On November 2, voters in New York approved “Proposal 2” and adopted a new section 19 to Article I of the state constitution that reads: “Each person shall have a right to clean air and water, and to a healthful environment.” It will take effect in January 2022.
While the new Environmental Rights Amendment is short and simple, we cannot know yet exactly what it means and what practical implications it will have for businesses and people in New York. We highlight here briefly some thoughts based in part upon the experience in Pennsylvania, which added an Environmental Rights Amendment to its constitution in 1971.
Section 19 sets out a new constitutionally protected right of “each person.” That right is part of Article I, the New York Bill of Rights. The Bill of Rights protects rights of people against the government. In general, the Bill of Rights does not create private entitlements of one citizen against another. Thus, section 19 probably constrains government action or requires affirmative government action, but it does not create a right of your neighbor to have you maintain your trees or to stop polluting.
In the environmental context, a person might not have “clean air” for many reasons. One of those reasons might be that a neighboring facility pollutes the air. Unless this new section 19 is read by the New York courts in a way different from the way they have read the other 18 sections of the Bill of Rights, section 19 will not give the person whose air is dirty a right to sue the polluter directly. It may give the polluted-upon person a right to insist that the government consider the pollution before allowing the polluting facility to operate or before funding the polluting facility, and it may even create an obligation on the part of the government to regulate the existing polluting facility. But the Bill of Rights generally does not give one citizen the right to sue another.
The right each person holds is “to clean air and water, and to a healthful environment.” What counts as “clean” air or water? How much of any pollutant makes the air or the water not “clean”? Does the source of the pollution matter? That is, if soot from a natural fire contaminates the air, is the air not “clean”? What if the soot is from a manmade source outside New York? What if it is from a manmade source in New York, operating lawfully under New York law?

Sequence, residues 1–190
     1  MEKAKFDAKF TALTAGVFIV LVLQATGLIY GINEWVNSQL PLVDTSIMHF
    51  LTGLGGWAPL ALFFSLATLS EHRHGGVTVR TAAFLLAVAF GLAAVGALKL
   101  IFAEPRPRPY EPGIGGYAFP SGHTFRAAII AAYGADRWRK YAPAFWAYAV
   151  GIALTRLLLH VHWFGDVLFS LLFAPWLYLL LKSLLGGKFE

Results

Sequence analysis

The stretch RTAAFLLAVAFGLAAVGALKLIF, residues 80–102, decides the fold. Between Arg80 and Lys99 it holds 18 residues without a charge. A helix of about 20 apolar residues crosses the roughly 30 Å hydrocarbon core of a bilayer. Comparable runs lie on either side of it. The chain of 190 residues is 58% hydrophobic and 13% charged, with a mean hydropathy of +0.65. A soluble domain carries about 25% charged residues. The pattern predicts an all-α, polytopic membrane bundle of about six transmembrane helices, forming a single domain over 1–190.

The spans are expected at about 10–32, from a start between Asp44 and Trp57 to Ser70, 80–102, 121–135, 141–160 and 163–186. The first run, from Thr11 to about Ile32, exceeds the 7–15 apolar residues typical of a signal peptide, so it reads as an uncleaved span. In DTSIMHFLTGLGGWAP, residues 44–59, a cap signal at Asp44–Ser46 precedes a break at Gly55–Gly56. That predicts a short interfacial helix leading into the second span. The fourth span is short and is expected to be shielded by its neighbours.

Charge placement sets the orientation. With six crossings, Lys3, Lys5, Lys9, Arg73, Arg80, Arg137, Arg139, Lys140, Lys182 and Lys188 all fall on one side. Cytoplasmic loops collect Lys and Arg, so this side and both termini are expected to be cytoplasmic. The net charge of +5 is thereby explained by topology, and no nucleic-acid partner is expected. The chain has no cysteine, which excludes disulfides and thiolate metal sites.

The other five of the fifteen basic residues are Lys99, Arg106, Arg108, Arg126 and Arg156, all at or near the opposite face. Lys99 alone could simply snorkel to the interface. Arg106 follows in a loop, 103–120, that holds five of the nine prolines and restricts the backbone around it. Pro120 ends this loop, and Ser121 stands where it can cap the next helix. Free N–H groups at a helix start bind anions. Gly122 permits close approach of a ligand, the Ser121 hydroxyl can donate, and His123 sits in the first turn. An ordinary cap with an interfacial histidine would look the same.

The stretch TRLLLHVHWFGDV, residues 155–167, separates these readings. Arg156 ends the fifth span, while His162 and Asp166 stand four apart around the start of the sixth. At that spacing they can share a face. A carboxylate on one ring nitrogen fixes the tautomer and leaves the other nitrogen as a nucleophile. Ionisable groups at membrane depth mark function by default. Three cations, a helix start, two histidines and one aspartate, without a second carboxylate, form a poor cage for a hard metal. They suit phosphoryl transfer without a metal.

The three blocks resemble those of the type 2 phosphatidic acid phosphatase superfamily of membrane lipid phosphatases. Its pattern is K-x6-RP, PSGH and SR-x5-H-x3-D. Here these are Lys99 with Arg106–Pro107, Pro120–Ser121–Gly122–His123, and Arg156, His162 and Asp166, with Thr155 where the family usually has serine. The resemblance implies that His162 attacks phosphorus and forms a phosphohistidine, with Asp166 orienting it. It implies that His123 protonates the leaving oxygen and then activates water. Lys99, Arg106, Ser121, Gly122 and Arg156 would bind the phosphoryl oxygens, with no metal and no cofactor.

Similarly, what counts as a less than “healthful” environment? Does each particular spot in the environment have to be “healthful” if one stayed there all the time? That is, does the environment in Times Square have to be “healthful” when traffic is stopped and the temperature is 95 degrees? Do indoor environments have to be “healthful”? How about in-between environments, like the Lincoln Tunnel? All these issues seem to cry out for legislative or regulatory elaboration on the constitutional text.
Elaboration may be on the way through the efforts of New York’s environmental regulator, the Department of Environmental Conservation (NYSDEC). Will this new constitutional language impact NYSDEC permitting decisions? It is likely that NYSDEC will answer that question in the negative, arguing that the existing mandates in New York’s Environmental Conservation Law already evince a state policy aimed to afford New Yorkers clean air, clean water, and a healthful environment. After all, New York’s air permitting regime is based on health-based emissions standards derived from the federal Clean Air Act. The same goes for New York’s clean water regulations, which in some ways go beyond the dictates of the federal Clean Water Act. And other schemes, such as the New York State hazardous waste cleanup laws, solid waste laws, and Brownfield Cleanup Program, surely are aimed at promoting a “healthful” environment. “It would not be at all surprising to see NYSDEC offer the view that these new provisions simply codify in the New York Constitution policy already adopted statutorily and reflected in the Environmental Conservation Law. Pennsylvania may provide some lessons on how New York’s Environmental Rights Amendment will or will not impact environmental regulation in the state. The Pennsylvania Environmental Rights Amendment, adopted in 1971, has three sentences. The first sentence of the Pennsylvania amendment creates a right similar to the New York provision: “The people have a right to clean air, pure water, and to the preservation of the natural, scenic, historic, and esthetic values of the environment.” Pa. Const. Art. I, § 27.
In 1973, an intermediate appellate court in Pennsylvania set out a three-part test against which to test a government action to determine its constitutionality: